In the early Platonic dialogue, Crito, Socrates makes a compelling argument as to why he must stay in prison and accept the death penalty, rather than escape and go into exile in another Greek city. He personifies the Laws of Athens, and, speaking in their voice, explains that he has acquired an overwhelming obligation to obey the Laws because they have made his entire way of life, and even the fact of his very existence, possible. They made it possible for his mother and father to marry, and therefore to have legitimate children, including himself. Having been born, the city of Athens, through its laws, then required that his father care for and educate him. Socrates' life and the way in which that life has flourished in Athens are each dependent upon the Laws. Importantly, however, this relationship between citizens and the Laws of the city are not coerced. Citizens, once they have grown up, and have seen how the city conducts itself, can choose whether to leave, taking their property with them, or stay. Staying implies an agreement to abide by the Laws and accept the punishments that they mete out. And, having made an agreement that is itself just, Socrates asserts that he must keep to this agreement that he has made and obey the Laws, in this case, by staying and accepting the death penalty. Importantly, the contract described by Socrates is an implicit one: it is implied by his choice to stay in Athens, even though he is free to leave.

In Plato's most well-known dialogue, Republic, social contract theory is represented again, although this time less favorably. In Book II, Glaucon offers a candidate for an answer to the question "what is justice?" by representing a social contract explanation for the nature of justice. What men would most want is to be able to commit injustices against others without the fear of reprisal, and what they most want to avoid is being treated unjustly by others without being able to do injustice in return. Justice then, he says, is the conventional result of the laws and covenants that men make in order to avoid these extremes. Being unable to commit injustice with impunity (as those who wear the ring of Gyges would), and fearing becoming victims themselves, men decide that it is in their interests to submit themselves to the convention of justice. Socrates rejects this view, and most of the rest of the dialogue centers on showing that justice is worth having for its own sake, and that the just man is the happy man. So, from Socrates’ point of view, justice has a value that greatly exceeds the prudential value that Glaucon assigns to it.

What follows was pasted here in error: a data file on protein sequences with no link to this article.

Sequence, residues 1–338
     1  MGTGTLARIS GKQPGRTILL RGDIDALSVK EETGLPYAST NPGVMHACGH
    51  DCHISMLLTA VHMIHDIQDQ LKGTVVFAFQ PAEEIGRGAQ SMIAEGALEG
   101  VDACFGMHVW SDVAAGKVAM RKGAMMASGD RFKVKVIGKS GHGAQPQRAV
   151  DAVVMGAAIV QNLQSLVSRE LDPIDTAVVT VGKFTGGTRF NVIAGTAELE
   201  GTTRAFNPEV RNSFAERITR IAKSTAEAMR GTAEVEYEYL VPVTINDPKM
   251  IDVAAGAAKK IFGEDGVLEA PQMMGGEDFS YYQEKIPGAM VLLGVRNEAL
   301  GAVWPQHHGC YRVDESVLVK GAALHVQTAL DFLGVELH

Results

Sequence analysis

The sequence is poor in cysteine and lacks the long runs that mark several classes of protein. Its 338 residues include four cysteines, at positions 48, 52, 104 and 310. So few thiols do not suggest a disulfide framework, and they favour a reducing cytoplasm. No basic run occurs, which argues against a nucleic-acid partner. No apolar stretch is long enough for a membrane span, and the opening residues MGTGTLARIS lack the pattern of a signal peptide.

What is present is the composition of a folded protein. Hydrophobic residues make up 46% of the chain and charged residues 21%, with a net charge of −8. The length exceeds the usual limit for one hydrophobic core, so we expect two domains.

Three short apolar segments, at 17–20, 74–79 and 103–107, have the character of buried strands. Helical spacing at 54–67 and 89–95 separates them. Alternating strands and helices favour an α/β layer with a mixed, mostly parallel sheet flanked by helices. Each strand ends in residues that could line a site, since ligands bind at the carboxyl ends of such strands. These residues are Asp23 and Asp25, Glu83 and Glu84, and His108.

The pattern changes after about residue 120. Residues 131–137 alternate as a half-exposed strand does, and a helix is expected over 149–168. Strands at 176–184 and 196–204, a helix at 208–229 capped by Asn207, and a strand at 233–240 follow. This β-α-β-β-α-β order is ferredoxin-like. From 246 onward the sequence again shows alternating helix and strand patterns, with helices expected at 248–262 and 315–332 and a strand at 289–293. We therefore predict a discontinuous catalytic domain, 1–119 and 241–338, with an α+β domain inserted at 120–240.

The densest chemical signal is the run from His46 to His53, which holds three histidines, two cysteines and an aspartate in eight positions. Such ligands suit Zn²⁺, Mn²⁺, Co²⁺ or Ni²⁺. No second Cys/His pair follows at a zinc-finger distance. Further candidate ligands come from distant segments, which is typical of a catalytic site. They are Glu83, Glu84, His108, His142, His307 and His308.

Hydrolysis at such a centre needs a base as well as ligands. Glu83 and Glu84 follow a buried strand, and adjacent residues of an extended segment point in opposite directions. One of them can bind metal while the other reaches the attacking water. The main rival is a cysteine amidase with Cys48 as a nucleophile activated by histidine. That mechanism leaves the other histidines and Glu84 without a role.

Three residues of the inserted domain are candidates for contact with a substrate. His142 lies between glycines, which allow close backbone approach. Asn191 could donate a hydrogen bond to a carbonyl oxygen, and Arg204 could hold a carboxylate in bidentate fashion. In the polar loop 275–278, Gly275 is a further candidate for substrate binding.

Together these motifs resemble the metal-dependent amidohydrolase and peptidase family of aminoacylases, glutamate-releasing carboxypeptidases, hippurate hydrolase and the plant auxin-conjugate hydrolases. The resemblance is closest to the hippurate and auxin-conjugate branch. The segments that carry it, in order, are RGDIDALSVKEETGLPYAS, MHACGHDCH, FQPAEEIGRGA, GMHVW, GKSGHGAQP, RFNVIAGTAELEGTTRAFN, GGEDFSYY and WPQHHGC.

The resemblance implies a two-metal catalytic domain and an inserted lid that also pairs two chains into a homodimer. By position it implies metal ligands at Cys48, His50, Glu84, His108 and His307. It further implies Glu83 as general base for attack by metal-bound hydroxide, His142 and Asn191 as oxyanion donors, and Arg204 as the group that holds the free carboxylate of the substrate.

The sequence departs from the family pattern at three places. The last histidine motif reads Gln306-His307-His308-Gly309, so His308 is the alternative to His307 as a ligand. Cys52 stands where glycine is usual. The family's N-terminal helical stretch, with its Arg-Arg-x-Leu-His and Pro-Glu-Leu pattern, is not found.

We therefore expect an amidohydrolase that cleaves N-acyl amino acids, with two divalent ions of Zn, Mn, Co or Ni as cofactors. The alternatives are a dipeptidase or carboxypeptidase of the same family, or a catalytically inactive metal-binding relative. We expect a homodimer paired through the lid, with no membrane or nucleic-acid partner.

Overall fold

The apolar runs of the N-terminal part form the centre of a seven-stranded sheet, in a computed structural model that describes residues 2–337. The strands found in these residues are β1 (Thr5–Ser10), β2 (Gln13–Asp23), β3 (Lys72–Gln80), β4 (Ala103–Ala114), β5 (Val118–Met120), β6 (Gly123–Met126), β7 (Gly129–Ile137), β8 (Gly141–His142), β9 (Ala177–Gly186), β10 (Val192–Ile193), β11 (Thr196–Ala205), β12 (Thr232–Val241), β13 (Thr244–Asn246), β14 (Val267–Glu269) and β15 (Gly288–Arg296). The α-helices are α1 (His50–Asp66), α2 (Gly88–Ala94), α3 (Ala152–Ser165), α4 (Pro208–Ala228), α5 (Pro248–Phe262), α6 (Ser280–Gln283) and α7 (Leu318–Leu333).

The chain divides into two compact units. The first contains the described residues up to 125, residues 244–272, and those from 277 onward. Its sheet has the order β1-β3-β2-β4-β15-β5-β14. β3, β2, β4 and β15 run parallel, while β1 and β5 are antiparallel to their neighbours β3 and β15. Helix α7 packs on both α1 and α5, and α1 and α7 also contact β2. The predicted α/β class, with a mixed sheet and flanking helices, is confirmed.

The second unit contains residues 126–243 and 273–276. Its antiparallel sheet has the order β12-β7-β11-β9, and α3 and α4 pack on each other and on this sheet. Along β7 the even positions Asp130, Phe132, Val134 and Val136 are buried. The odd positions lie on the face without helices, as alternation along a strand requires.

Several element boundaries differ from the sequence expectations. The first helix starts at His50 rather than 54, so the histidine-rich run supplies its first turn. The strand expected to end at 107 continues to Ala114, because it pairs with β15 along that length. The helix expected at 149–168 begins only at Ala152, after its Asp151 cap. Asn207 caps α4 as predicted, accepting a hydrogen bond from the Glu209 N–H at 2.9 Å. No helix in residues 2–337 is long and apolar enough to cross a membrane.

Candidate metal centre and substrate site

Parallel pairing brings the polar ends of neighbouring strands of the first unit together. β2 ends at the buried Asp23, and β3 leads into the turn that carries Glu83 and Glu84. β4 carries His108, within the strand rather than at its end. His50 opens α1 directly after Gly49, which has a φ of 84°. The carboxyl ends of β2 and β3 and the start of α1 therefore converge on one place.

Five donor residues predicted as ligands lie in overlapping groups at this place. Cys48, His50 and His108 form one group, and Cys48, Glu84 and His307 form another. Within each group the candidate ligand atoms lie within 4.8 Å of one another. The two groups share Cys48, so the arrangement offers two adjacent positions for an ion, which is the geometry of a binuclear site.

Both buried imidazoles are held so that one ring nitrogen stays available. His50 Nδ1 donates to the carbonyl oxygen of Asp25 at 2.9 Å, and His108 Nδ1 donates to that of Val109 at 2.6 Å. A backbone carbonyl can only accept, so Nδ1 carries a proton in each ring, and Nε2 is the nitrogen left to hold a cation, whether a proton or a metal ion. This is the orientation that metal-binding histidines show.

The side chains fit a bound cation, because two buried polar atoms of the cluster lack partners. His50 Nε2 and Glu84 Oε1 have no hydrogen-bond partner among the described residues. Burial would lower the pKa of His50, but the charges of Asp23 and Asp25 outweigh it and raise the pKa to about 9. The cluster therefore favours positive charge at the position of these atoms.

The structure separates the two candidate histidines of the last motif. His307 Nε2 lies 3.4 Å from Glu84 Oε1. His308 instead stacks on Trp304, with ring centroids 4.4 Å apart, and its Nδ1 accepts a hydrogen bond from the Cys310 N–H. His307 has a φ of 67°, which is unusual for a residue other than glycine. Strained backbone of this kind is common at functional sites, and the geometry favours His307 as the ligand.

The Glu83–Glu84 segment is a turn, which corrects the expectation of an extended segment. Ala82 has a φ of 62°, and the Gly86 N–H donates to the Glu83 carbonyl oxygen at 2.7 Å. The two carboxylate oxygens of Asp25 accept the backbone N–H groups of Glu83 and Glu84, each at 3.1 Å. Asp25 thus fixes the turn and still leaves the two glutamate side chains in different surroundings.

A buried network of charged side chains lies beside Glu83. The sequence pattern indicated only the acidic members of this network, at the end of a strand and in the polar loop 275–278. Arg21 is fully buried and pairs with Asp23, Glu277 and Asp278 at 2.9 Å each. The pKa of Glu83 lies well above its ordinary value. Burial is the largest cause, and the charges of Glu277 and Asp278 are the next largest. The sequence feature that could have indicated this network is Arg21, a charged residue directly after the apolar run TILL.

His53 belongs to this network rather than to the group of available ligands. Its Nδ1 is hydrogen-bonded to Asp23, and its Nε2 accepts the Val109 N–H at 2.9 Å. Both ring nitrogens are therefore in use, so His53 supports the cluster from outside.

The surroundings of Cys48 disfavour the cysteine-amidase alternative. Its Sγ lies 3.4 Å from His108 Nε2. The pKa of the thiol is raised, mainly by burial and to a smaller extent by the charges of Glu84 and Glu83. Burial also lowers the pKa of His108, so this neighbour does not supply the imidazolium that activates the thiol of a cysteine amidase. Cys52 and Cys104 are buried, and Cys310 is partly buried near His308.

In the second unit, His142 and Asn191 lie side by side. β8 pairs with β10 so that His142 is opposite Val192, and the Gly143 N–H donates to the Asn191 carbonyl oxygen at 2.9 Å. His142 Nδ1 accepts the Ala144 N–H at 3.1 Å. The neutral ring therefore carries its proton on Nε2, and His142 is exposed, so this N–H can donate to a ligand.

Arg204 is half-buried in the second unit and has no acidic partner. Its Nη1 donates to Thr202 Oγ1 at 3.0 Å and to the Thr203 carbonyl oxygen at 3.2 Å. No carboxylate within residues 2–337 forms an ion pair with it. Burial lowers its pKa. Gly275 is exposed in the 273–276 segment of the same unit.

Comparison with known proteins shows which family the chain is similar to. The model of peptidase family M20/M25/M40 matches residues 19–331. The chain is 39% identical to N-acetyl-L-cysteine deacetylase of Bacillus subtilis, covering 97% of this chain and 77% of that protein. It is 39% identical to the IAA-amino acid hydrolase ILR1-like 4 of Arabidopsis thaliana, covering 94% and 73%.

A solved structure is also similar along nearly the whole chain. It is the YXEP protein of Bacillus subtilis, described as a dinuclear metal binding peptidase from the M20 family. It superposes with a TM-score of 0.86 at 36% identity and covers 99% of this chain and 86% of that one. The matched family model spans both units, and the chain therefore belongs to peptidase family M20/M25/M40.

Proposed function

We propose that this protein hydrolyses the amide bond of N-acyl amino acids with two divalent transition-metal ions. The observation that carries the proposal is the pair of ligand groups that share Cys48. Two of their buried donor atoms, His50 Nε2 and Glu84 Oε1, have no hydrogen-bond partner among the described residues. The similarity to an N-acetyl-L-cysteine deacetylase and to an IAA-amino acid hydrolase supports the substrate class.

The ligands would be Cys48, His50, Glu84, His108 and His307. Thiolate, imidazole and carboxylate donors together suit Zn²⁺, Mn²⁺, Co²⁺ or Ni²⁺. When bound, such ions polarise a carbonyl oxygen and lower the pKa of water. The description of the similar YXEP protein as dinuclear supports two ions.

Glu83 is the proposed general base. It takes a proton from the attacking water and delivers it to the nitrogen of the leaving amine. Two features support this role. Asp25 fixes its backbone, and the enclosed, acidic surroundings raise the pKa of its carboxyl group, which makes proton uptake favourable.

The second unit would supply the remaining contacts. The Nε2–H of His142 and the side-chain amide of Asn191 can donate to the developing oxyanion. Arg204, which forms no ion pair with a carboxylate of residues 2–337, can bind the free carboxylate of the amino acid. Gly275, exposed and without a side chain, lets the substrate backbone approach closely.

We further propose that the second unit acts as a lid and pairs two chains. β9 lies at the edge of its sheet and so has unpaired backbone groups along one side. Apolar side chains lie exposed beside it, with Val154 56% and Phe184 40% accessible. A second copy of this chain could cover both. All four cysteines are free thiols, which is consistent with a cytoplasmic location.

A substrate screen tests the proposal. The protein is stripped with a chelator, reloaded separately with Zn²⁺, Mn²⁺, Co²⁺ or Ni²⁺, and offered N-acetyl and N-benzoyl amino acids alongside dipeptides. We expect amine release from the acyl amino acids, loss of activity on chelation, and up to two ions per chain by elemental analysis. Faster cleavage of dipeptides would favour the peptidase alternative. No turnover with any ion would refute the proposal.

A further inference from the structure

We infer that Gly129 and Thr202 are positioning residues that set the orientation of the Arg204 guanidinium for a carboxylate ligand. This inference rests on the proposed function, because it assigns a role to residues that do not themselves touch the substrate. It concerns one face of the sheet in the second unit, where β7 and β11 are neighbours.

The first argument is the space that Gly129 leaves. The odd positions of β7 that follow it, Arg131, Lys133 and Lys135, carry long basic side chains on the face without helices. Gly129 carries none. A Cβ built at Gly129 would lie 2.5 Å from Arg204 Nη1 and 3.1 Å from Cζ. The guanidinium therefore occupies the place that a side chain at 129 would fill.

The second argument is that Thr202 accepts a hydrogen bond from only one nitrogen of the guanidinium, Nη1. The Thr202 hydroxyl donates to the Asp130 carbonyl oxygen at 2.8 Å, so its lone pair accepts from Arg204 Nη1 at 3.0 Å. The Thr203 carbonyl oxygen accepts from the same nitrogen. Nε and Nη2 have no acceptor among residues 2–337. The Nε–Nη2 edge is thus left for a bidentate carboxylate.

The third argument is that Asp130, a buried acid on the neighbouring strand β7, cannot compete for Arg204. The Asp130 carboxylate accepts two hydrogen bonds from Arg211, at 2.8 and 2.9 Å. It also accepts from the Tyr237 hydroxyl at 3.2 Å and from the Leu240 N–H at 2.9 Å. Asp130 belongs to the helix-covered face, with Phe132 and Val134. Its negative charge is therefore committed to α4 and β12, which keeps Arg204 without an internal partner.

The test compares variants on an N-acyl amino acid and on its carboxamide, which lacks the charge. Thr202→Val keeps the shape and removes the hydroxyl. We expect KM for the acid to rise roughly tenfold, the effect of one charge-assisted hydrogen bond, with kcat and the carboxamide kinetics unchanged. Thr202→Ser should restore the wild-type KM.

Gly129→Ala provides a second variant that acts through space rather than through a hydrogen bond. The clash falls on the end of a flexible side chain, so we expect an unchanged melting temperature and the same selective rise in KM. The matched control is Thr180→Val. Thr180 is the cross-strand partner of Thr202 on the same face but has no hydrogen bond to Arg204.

These views, in the Crito and the Republic, might seem at first glance inconsistent: in the former dialogue Socrates uses a social contract type of argument to show why it is just for him to remain in prison, whereas in the latter he rejects social contract as the source of justice. These two views are, however, reconcilable. From Socrates' point of view, a just man is one who will, among other things, recognize his obligation to the state by obeying its laws. The state is the morally and politically most fundamental entity, and as such deserves our highest allegiance and deepest respect. Just men know this and act accordingly. Justice, however, is more than simply obeying laws in exchange for others obeying them as well. Justice is the state of a well-regulated soul, and so the just man will also necessarily be the happy man. So, justice is more than the simple reciprocal obedience to law, as Glaucon suggests, but it does nonetheless include obedience to the state and the laws that sustain it. So in the end, although Plato is perhaps the first philosopher to offer a representation of the argument at the heart of social contract theory, Socrates ultimately rejects the idea that social contract is the original source of justice. [NEXT...]